B-to-B Insights: The Power of Proof
I've noticed a dangerous trend in B-to-B marketing: a lack of proof in the copy for product claims made in advertising.
In the IT marketplace, for example, the most pervasive marketing document is the whitepaper. Many whitepapers are great at explaining how products work. But because they are educational, and not sales-oriented, they do not bother to prove the performance claims made.
Don't make this mistake in your B-to-B marketing communications. When you say your product is the fastest or most reliable, prospects are instantly skeptical because everybody claims the same thing.
All product claims in marketing copy and content should be backed by proof. Here are some ways to convince wary buyers that what you say is, in fact, true:
1. Comparisons. Comparison—showing how your product is different and better than others—engages the reader's attention. You can do a before-and-after comparison showing the change before and after the product was used—e.g., the dirty wastewater discharge vs. the clean water that has been treated with your filtration cartridge. You can also do a side-by-side comparison showing how your product outperforms the competition.
A very effective technique is to have a table listing all the features that your category of product could have. One column shows your product with a YES or check mark indicating you have all the features. The other columns have competitor's products with only a few check marks and the majority of spaces left blank or marked NO to indicate that they lack those features.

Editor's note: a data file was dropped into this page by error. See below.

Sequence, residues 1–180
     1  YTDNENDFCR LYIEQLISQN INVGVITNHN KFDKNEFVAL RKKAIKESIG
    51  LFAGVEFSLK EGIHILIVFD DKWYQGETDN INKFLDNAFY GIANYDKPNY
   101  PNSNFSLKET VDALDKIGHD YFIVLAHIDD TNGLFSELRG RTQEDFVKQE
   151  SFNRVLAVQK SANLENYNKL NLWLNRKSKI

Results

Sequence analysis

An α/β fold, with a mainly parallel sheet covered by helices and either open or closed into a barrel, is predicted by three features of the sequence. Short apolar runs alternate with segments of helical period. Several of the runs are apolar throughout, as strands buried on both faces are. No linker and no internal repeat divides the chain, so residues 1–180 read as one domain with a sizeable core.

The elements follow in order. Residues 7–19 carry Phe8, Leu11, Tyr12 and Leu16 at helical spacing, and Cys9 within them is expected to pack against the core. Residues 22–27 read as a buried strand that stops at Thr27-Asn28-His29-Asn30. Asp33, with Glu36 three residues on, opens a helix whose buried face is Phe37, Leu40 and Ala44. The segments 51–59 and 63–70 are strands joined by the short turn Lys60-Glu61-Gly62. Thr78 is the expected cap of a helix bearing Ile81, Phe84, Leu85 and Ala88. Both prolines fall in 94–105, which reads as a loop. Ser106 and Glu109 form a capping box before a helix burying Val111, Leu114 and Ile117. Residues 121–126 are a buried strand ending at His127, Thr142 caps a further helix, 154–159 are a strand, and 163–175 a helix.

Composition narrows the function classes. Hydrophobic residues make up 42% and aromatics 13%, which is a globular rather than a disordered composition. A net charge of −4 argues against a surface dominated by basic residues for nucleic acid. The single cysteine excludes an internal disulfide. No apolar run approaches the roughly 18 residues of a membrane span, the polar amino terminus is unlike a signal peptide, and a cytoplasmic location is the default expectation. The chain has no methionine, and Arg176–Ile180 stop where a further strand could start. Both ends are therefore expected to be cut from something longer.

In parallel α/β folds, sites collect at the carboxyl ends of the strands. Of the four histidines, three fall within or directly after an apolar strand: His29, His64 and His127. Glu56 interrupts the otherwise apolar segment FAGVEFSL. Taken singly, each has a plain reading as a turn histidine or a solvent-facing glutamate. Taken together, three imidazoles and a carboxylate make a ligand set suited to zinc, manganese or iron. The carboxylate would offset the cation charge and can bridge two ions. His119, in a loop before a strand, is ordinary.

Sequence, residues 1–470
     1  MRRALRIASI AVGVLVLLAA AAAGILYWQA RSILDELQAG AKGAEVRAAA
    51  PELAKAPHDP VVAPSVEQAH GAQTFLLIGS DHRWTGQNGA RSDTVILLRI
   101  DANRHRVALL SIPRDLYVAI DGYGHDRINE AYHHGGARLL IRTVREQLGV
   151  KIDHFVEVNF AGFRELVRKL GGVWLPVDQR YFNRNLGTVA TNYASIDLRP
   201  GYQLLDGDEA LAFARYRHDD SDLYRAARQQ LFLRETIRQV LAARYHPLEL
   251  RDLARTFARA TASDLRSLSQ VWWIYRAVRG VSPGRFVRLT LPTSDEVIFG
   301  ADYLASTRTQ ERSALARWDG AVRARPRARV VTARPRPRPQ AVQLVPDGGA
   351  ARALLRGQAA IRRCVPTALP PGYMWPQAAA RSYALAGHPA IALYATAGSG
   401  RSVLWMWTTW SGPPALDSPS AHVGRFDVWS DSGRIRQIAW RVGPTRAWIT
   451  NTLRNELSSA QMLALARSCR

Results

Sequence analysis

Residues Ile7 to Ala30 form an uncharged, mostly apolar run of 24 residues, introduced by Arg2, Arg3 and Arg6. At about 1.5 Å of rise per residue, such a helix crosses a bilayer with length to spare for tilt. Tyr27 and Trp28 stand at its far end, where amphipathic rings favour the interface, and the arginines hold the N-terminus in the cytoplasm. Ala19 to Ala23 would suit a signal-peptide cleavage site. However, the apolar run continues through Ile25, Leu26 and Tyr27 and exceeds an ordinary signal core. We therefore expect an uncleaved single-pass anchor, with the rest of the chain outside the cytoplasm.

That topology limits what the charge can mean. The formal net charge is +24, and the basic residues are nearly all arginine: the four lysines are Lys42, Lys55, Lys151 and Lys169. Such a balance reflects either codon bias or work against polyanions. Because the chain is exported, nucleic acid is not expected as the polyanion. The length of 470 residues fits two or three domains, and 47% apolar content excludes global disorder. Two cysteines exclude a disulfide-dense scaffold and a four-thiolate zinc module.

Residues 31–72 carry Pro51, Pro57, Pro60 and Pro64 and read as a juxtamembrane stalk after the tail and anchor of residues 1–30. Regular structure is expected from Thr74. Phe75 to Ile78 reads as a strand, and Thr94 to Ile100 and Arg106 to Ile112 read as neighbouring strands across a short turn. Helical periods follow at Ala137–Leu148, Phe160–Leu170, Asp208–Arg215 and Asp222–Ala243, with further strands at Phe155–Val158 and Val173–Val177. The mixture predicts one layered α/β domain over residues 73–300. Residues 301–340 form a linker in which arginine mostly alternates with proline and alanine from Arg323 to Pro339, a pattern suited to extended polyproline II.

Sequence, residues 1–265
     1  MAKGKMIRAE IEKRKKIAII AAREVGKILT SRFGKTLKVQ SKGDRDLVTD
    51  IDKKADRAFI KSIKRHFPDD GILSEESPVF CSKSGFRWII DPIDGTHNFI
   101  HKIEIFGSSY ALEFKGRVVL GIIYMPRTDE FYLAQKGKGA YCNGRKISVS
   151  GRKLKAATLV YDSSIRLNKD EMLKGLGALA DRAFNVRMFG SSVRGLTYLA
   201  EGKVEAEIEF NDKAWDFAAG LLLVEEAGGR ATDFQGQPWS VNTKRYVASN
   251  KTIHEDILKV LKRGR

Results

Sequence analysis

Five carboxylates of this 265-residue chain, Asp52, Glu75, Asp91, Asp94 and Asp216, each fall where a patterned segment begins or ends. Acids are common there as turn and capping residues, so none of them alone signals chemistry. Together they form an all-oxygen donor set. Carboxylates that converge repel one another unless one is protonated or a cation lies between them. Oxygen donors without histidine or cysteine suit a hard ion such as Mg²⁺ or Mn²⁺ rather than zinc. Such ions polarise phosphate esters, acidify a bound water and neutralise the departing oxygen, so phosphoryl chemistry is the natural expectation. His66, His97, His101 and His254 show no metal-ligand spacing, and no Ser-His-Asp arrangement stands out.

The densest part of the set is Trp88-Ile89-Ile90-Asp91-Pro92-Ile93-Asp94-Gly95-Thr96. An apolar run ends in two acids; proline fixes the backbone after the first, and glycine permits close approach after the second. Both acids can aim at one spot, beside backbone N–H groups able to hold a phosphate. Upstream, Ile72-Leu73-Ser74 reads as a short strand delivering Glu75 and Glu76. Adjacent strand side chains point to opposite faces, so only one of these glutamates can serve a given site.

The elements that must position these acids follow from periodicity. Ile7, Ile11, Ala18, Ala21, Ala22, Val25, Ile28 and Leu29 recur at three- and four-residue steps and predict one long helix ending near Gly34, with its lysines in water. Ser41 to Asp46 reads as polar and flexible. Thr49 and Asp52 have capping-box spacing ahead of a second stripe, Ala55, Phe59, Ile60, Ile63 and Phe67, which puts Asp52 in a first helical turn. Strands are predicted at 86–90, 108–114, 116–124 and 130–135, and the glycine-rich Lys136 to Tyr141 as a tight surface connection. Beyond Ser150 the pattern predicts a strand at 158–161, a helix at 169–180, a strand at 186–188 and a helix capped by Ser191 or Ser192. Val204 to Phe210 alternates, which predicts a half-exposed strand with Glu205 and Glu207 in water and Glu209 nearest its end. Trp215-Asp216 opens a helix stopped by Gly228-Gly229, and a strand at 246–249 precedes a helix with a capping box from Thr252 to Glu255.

2. Tests. An extremely compelling way to prove performance is to allow customers to test your product, especially on their premises.
For instance, a pelletizer is a machine that presses powdered material into pellets. The main question is how well the pelletizer will work with customers' materials. Mars Mineral solves this problem by telling potential buyers, "We'll be glad to take a look at a random five gallon sample of your material. We'll evaluate it and get back to you with our equipment recommendations. From there we can do an exploratory pelletizing test, a full day's test run, or rent you a production machine with an option to purchase."
3. Samples. Let the prospect sample your product. This is an old tactic. Eateries in shopping mall food courts often have a person standing in front of the counter with a tray of free samples of one of their dishes, whether Chinese food or chicken nuggets. Tempur-Pedic offers a free kit, which includes a sample of its mattress material, in its commercials.
One company manufactures mist eliminators, which remove entrained liquids in gases exiting an industrial smoke stack. Its mist eliminator is a wire mesh that bends and twists much like a Slinky. In a direct mail campaign, the company mailed small samples of wire mesh to process engineers. The sales letter was printed on off-white card stock and affixed to the wire mesh so it looked like a shipping label.